I finally came to a conclusion the other day. There is no process that is ever going to make creating easy. The fundamental problem is that whether you sit down and write a detailed outline or you just sit down and start writing prose, you have to imagine the story that you are going to write.
If you go the planning route, you still have to imagine what is going to happen in the story. You may put off some of the details until you start expanding on the outline in the first draft but you are going to have to create them at some point.
If you are a “pantser” (writing by the seat of your pants), you are probably going to wander around while discovering where the story happens and who the characters are. This will result in inevitable sections of the draft being cut from the first draft because they don’t really advance the story very well. Your reader is probably not going to be as interested in all the backstory you wrote while getting to know your protagonist as you are.
That’s not to say it is a total waste of time to do that exploration. If it helps you get a better picture of who that character is, the rest of the story will probably benefit from it. And I have a strict policy of not deleting those scenes entirely when I edit them out. They might come in handy in a different story sometime.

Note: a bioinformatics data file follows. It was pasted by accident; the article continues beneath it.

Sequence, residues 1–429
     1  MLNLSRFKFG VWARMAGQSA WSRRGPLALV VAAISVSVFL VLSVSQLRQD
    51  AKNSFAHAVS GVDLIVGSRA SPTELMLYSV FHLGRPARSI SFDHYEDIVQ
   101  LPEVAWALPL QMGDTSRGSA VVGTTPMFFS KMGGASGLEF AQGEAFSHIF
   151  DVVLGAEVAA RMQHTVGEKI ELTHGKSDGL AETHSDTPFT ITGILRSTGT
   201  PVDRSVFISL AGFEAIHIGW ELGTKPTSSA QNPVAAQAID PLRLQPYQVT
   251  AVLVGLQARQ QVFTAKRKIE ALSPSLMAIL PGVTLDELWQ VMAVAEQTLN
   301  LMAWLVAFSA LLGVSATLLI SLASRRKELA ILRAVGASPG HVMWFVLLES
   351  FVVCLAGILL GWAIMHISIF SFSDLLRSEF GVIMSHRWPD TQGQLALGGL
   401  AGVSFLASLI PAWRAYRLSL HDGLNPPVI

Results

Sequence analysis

The same problem can arise when you are expanding your well planned outline. You may be writing along and discover that the plot you had planned so meticulously just isn’t working out when you actually write the story. The good thing is that there is less actual writing effort lost when you have to go back and rework your outline. There is still the effort that you put into coming up with the plot to begin with though.
I often write with Scrivener. The thing I like about it is that I can take a snapshot of my work, give it a label, and come back to it any time I like. I might find that the scene that I edited out of the beginning of the story actually has a place in the later part of it.
I talk as if I know what I’m talking about and I do to some extent. But the truth is, I’m still learning. I see myself improving but it is slow, hard work. But taking note of the things that I learn, as I learn them, is a good way to remind myself of them later when I get stuck.
Take care of yourself. Drink plenty of water, get lots of rest, wash your hands frequently, and keep social distance or at least wear a mask.